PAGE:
Continued revelations of plunder of public resources is putting the country’s prospects of attaining direct budget support on the line, governance experts have warned.
They were reacting to remarks by one of the country’s key donors, Germany, that revelations of theft and corruption in the public sector are a manifestation that Public Finance Management systems are weak.
Since the country’s donors stopped direct budget support in 2014 due to Cashgate, the country has been experiencing budget deficits which have kept widening as the government resource envelope failed to match expenditure.
German Ambassador Jürgen Borsch, in a written response, was commenting on the Malawi Growth and Development Strategy (MGDS) III mid-term review report that showed donors still do not trust government systems to directly inject their resources.
The envoy said the MGDS III outcome was not surprising as evidenced by numerous reports, including by Transparency International, that substantiate a widespread embezzlement of public funds and corruption.
He said: “It is key to initiate a process of structural transformation. Currently, domestically-generated resources do not cover government’s recurrent expenditures. The loans are mostly used for consumption, not capital expenditures (investments).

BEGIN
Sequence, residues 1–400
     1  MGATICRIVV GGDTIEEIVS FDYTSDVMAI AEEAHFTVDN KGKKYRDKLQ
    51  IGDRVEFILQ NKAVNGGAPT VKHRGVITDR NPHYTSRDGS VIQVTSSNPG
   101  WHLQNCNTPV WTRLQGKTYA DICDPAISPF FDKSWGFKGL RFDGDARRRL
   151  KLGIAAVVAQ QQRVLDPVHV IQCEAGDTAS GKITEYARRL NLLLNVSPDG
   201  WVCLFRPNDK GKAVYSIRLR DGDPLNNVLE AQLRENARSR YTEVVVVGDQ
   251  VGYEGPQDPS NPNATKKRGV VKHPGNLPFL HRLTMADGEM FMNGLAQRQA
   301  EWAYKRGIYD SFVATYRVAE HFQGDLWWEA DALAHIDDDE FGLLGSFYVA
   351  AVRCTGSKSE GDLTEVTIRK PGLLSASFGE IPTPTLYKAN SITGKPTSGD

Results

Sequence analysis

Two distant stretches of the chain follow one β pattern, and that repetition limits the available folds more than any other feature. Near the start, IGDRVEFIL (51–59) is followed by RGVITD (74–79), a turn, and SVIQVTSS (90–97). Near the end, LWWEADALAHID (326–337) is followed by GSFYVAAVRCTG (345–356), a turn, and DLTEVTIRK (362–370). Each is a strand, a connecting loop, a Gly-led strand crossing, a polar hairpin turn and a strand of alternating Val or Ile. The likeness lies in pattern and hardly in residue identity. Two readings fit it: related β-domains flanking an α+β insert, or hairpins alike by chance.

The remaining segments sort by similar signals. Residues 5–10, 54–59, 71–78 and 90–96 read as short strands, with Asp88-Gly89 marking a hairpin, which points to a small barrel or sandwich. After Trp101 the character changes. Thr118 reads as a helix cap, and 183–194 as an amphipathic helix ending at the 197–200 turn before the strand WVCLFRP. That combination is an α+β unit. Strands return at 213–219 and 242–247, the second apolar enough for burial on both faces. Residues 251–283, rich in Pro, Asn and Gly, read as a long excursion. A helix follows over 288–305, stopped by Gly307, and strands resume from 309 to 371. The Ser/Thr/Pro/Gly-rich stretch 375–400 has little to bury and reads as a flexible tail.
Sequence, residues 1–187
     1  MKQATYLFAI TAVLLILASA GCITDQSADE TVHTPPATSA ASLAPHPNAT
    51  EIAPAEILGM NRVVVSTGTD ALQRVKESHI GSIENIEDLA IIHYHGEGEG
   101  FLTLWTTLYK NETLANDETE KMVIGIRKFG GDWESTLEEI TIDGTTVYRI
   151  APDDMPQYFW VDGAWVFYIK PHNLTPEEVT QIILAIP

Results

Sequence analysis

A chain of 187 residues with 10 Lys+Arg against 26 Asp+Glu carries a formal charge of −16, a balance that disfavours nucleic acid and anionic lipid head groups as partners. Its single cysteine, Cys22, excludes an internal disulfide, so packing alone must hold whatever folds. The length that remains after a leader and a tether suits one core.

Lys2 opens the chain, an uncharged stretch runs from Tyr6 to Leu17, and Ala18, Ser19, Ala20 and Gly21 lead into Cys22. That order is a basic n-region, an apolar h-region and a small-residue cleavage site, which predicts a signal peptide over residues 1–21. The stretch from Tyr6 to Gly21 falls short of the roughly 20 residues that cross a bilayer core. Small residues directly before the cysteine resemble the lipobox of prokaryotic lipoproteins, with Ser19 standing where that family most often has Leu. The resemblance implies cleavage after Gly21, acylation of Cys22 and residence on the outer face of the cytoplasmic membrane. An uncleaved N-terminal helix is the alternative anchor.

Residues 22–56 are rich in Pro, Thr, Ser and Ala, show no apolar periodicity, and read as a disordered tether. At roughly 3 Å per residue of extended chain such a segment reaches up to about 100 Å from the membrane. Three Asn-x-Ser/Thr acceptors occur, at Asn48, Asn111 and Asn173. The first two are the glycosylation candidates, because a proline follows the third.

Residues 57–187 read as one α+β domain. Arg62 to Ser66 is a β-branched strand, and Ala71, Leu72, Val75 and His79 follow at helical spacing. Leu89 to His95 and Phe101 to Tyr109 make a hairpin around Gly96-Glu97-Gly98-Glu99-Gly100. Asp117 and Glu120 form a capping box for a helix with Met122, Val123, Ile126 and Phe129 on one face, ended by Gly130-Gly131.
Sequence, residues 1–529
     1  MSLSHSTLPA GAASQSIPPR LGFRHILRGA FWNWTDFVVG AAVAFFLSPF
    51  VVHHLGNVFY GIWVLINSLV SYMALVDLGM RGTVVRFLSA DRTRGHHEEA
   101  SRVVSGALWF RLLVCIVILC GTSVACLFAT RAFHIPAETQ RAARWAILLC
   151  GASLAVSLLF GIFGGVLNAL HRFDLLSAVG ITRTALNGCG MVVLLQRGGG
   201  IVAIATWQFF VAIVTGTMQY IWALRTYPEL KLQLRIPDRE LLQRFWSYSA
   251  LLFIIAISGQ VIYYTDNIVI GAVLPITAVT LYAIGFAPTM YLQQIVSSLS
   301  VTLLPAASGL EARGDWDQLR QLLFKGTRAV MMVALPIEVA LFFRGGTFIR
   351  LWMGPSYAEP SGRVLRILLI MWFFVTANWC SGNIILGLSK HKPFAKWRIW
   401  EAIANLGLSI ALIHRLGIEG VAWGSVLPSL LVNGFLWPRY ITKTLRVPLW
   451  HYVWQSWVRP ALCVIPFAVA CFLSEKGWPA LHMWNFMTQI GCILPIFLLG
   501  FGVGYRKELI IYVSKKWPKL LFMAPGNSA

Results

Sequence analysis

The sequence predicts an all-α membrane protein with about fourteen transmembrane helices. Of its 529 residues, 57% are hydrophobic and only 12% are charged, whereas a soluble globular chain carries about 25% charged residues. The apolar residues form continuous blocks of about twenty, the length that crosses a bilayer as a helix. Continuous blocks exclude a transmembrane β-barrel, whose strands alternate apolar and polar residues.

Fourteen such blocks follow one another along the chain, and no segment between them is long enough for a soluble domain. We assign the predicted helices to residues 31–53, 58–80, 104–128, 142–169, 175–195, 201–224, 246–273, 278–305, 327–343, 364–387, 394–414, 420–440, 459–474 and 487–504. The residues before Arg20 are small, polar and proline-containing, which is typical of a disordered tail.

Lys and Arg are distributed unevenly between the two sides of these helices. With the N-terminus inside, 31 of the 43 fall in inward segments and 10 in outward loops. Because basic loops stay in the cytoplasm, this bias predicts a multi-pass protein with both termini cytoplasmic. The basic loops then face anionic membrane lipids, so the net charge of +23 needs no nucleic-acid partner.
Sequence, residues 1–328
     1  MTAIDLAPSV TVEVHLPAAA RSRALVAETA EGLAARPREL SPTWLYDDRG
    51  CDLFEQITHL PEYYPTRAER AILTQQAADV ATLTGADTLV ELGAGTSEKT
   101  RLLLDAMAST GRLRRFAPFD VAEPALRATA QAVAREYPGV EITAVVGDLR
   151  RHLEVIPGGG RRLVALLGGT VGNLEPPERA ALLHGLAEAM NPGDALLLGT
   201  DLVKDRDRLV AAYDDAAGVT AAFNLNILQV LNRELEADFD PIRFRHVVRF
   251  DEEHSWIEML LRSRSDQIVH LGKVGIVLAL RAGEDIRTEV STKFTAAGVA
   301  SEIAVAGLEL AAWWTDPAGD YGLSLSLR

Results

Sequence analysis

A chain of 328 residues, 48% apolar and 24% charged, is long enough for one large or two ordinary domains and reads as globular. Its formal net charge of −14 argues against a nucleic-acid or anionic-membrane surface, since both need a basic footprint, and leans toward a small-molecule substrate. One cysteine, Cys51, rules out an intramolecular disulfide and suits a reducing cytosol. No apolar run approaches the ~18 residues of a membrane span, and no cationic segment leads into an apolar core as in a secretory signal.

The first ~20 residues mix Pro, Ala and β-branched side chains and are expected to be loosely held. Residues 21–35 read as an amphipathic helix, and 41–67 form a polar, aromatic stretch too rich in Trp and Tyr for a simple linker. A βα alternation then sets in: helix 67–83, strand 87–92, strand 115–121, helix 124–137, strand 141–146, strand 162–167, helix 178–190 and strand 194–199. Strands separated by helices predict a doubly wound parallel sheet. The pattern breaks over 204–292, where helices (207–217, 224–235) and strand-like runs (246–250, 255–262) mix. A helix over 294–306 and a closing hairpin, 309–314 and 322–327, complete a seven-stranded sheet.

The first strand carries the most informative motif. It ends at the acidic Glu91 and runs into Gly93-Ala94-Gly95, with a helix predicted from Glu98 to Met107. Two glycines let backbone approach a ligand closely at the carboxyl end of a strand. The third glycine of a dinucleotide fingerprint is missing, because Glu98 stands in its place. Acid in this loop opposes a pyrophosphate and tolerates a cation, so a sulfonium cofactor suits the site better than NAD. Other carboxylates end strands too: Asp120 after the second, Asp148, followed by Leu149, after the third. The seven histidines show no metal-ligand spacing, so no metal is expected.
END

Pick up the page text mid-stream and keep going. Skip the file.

“In the past years, the annual budgets have been characterised by lower-than-forecasted expenditures and higher-than-calculated expenditures (expenditure overrun). This resulting in massive fiscal deficits and an increasing debt burden.”
Borsch said such trends underline the need for improvement in budgeting process and economic forecasting, adding the partial dysfunctionality of the public finance management system is also evidenced by the latest Annual Audit Report of the National Audit Office.
Meanwhile, governance expert Henry Chingaipe has warned that Borsch’s statement means donors will continue with off-budget means of support to Malawi.
In an interview on Monday, Chingaipe said Malawi has good public finance management systems and laws in place but implementation and enforcement have been weak due to lack of strong political leadership.
He said: “The statement simply means they may not resume direct budget support fearing the likelihood of having their taxpayers money stolen within government systems. In the event that they consider providing budget support due to the goodwill for the new administration, the support may come with stiff conditions.”
Chingaipe said the new government has come with a glimmer of hope to correct the lost leadership credibility, adding that government should work on the integrity and mindset change of the people who work behind the established systems as some of them are those behind the plunder.
There was no fresh comment from the Ministry of Finance on steps taken to seal the systems loopholes, but recently Integrated Financial Management Information System (Ifmis) manager Frank Mangwaya said the newly-installed Ifmis was water-tight from abuse.
He said all technical staff that operate or access the new Ifmis were trained and that the software has a wider scope of functionalities which include asset, projects, contracts, inventory, and fleet management, among others.
In his paper titled ‘Public Purse: Use, Misuse, Abuse of Government Resources’ a legal expert Professor Dan Kuwali noted that the country’s public finance management laws have loopholes that undermine the fight against theft and abuse of government funds.